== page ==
Today, Oxfam campaigners are visiting the new FCDO to hand in a letter on behalf of thousands of people, including my constituents, that calls on the UK Government to stop fuelling the war in Yemen and to reverse the decision to resume arms sales licences to Saudi Arabia. Does the Secretary of State not accept the inherent contradiction between selling arms with one part of the FCDO and providing aid with the other? Does he also accept that what Yemen needs is an urgent and immediate ceasefire, rather than an escalation of this five-year-old conflict?
The UK has an internationally respected and robust arms trade licensing regime. We have a close working relationship with the allies that are involved in the conflict in Yemen, to minimise civilian casualties and collateral damage. It is completely legitimate for all countries around the world to defend themselves against external aggression, and we are proud of the work we are doing to help the people of Yemen through this difficult time.
The Government are deeply concerned at the situation in the north-west and south-west regions of Cameroon. We are assisting humanitarian efforts, and today I can announce that we are increasing funding to the humanitarian efforts by £4.5 million, bringing the total for this year to £13.5 million.
I am grateful to the Minister for his answer and for his clear commitment, as I am to the Chair of the Select Committee for his interest in this area. What is going on in Cameroon is concerning for us all, whether we are talking about the multiple hundreds of thousands of displaced persons internally or in neighbouring countries, the more than 1 million people going hungry or the significant and continuing violence, including last month’s suicide bombing. This country has a special connection to Cameroon and a special responsibility to be part of a peaceful future there, as does France. It is hard to see a future settlement that does not involve both countries, so will the Minister tell us what conversations he has had with his counterpart in France about working together to bring about a peaceful solution?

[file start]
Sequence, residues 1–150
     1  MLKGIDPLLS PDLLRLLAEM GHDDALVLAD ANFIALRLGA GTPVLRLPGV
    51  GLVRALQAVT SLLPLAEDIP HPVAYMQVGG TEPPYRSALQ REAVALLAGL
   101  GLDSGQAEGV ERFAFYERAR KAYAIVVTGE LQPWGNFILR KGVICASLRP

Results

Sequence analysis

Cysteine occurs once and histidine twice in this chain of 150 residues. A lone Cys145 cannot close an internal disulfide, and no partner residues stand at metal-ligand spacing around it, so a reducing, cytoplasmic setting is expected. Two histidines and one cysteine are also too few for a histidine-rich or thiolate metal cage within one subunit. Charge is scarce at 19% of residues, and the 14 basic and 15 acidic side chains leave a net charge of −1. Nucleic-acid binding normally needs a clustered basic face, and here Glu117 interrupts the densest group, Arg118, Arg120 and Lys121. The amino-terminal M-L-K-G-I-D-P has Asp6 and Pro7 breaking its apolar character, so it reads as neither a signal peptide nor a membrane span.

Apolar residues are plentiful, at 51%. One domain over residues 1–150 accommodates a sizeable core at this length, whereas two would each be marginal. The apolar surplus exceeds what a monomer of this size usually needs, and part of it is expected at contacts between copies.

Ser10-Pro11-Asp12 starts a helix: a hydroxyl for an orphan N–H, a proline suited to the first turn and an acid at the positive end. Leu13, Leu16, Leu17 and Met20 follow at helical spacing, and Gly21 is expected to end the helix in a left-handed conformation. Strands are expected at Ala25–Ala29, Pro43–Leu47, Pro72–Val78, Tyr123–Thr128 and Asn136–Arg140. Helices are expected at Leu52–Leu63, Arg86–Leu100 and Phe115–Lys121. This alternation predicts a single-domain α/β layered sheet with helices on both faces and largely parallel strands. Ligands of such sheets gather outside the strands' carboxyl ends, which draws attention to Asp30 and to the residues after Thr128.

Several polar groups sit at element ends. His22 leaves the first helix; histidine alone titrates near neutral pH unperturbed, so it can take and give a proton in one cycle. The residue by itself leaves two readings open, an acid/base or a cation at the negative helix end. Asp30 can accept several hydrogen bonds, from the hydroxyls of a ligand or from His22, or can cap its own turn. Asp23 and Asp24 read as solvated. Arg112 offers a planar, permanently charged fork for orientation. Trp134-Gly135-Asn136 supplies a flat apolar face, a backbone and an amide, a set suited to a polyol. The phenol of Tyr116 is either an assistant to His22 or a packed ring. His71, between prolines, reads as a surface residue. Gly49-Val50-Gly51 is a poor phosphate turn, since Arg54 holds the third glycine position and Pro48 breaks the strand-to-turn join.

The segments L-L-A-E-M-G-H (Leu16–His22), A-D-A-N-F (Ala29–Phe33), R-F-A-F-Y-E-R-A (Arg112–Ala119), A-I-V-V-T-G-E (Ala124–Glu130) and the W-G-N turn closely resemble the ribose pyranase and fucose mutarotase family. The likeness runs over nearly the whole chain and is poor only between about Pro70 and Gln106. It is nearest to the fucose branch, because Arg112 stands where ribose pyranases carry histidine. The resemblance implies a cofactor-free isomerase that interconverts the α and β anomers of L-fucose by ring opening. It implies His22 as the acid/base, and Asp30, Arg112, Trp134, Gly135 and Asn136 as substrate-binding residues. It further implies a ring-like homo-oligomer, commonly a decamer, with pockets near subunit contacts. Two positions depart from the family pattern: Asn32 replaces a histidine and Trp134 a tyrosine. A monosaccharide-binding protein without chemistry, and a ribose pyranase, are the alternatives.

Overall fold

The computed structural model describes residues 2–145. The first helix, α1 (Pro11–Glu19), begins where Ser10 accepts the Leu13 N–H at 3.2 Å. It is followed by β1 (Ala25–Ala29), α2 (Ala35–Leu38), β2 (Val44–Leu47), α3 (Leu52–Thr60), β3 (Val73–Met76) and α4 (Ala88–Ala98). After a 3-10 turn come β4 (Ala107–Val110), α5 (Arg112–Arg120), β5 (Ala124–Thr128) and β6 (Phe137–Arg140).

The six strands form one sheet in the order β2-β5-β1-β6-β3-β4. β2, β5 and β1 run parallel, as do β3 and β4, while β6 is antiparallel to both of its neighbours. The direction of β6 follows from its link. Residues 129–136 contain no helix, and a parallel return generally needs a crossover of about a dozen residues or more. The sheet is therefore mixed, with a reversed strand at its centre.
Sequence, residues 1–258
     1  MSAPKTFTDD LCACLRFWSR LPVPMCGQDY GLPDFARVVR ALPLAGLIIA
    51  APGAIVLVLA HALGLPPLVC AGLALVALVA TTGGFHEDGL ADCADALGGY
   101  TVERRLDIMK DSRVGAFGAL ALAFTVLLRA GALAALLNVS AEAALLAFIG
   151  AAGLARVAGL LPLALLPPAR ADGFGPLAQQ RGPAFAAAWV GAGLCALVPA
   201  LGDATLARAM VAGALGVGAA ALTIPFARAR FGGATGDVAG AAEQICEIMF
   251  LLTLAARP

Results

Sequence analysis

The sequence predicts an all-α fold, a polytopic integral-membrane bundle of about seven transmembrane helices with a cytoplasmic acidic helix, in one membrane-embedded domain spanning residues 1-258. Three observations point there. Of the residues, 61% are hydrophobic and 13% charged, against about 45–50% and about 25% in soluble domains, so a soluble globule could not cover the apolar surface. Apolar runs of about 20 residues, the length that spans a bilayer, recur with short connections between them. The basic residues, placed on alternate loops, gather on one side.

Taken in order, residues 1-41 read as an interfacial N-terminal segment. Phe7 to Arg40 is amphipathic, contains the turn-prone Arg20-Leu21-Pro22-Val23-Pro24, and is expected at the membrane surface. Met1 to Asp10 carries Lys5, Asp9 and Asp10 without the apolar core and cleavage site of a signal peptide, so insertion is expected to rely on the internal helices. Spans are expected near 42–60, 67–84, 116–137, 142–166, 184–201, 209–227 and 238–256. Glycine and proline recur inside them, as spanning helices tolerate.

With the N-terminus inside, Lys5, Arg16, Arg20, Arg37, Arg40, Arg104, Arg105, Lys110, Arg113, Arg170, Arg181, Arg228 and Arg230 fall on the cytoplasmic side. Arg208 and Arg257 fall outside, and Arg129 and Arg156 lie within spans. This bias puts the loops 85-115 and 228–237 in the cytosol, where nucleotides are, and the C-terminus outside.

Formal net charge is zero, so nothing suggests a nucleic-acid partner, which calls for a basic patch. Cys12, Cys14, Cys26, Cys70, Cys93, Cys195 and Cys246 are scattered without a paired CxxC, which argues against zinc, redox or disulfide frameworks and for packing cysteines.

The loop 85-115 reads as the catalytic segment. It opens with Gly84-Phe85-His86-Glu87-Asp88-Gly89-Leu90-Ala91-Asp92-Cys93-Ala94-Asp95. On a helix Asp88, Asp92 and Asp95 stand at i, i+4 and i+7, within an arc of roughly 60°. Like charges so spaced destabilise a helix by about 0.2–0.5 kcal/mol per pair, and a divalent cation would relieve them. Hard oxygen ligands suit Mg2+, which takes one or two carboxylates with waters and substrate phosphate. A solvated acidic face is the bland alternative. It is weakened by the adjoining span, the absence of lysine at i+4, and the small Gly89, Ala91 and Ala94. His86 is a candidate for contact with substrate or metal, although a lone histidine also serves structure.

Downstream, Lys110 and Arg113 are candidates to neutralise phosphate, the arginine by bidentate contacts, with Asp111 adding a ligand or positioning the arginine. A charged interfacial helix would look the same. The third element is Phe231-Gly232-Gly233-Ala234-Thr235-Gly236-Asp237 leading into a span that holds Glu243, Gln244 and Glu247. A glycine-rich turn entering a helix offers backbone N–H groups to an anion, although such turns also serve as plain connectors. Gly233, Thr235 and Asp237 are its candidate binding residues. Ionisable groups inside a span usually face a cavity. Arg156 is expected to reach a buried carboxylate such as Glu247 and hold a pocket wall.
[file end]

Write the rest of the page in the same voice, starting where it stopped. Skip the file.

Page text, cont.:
That is an excellent point. I thank the hon. Gentleman for his passion on Cameroon, and I know that a number of colleagues share concerns, which the Government of Cameroon understand. We regularly engage with a number of partners, including the French and Americans, and the UN, where there have been resolutions. I intend to travel to Paris, covid permitting, in the next few months to discuss areas of mutual interest across the continent where we can work together, and Cameroon will be high on that list.
The Government have been clear: we do not accept the results of the fraudulent presidential elections in Belarus. We have strongly condemned the shocking scenes of violence by the authorities in Belarus towards peaceful protestors and the targeting of journalists, including representatives of the BBC. I have raised these concerns with the Foreign Minister of Belarus, and in my statements to the Organisation for Security and Co-operation in Europe on 28 August and to the UN Security Council on 4 September. The Belarusian authorities must be held to account, and we are calling for an independent investigation through the OSCE. We support sanctions, and there must be dialogue between the people of Belarus and the authorities.